Fragment of an Elegy

Fragment of an Elegy
 by Rainer Maria Rilke
 Now shall I praise the cities, those long-surviving
 (I watched them in awe) great constellations of earth.
 for only in praising is my heart still mine, so violently
 do I know the world. And even my lament
 turns into a paean before my disconsolate heart.
 Let no one say that I don’t love life, the eternal
 presence: I pulsate in her; she bears me, she gives me  
 the spaciousness of this day, the primeval workday
 for me to make use of, and over my existence flings,
 in her magnanimity, nights that have never been.
 Her strong hand is above me, and if she should hold me under,
 submerged in fate, I would have to learn how to breathe
 down there. Even her most lightly-entrusted mission
 would fill me with songs of her; although I suspect
 that all she wants is for me to be vibrant as she is.
 Once poets resounded over the battlefield; what voice
 can outshout the rattle of this metallic age
 that is struggling on toward its careening future?
 And indeed it hardly requires the call, its own battle-din
 roars into song. 

 So, let me stand for a while in front of the transient: not accusing, but once again  admiring, marvelling.  And if perhaps something founders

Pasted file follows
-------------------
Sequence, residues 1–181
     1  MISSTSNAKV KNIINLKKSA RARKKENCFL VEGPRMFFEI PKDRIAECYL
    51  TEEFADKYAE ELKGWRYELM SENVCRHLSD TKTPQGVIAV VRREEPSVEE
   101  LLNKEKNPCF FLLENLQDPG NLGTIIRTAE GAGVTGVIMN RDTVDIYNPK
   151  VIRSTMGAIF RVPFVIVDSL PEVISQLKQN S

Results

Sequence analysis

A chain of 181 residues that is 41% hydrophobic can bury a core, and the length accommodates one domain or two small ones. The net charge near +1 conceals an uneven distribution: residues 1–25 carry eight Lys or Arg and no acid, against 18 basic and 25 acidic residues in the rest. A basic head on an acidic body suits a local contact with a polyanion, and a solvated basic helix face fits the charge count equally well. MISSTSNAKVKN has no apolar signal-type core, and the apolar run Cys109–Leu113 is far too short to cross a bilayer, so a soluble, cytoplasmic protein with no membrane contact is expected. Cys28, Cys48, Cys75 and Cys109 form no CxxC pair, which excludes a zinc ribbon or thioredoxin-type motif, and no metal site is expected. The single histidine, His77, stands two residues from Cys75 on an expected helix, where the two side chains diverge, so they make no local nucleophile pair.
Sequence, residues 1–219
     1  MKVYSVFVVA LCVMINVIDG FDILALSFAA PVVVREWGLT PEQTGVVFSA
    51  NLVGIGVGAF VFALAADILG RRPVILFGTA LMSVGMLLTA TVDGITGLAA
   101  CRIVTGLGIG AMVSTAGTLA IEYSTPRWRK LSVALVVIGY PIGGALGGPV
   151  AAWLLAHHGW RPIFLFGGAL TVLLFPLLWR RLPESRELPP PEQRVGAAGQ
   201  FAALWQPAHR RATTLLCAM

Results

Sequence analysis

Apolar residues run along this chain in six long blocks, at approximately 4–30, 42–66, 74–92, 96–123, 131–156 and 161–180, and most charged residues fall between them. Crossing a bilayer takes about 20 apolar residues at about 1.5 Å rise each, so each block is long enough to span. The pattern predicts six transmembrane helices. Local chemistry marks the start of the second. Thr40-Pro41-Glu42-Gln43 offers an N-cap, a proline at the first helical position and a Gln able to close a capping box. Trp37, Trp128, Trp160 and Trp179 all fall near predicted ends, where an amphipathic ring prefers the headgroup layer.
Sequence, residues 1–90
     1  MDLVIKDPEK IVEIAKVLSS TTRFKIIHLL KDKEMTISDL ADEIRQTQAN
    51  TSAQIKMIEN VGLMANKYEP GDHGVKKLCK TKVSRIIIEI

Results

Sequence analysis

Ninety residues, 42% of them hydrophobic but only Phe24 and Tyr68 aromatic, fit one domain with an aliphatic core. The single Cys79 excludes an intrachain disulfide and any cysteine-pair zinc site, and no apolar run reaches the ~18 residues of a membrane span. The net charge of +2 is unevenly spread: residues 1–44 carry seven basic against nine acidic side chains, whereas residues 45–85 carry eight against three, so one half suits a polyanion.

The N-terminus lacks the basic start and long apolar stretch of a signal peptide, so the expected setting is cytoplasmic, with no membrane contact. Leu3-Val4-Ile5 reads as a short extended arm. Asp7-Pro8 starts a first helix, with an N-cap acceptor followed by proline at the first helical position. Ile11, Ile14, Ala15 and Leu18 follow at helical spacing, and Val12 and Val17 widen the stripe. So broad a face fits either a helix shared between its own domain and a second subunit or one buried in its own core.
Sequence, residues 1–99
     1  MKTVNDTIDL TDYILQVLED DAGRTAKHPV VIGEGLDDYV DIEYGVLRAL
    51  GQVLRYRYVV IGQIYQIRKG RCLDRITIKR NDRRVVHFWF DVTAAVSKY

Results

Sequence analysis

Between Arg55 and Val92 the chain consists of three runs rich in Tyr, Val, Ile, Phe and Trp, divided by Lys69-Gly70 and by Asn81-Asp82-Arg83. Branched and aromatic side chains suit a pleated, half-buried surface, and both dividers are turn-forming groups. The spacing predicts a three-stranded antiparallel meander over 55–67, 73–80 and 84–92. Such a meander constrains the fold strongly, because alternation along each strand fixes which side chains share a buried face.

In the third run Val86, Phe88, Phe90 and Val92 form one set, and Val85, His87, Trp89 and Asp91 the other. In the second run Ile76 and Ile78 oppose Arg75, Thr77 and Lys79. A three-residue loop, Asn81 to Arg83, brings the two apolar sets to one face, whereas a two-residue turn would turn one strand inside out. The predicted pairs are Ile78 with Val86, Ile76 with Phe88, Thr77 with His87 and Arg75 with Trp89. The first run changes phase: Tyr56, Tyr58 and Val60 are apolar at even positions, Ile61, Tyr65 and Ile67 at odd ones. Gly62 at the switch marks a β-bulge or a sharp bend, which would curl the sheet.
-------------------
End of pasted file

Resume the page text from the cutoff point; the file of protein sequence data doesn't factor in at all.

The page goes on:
before my eyes and stirs me into lament,  it is not a reproach. 
 Why shouldn’t more youthful nations
 rush past the graveyard of cultures long ago rotten?
 How pitiful it would be if greatness needed the slightest
 indulgence. Let him whose soul is no longer startled
 and transformed by palaces, by gardens’ boldness, by the rising
 and falling of ancient fountains, by everything held back
 in paintings or by the infinite thereness of statues -
 let such a person go out to his daily work, where
 greatness is lying in ambush and someday, at some turn,
 will leap upon him and force him to fight for his life. 
I am fighting!

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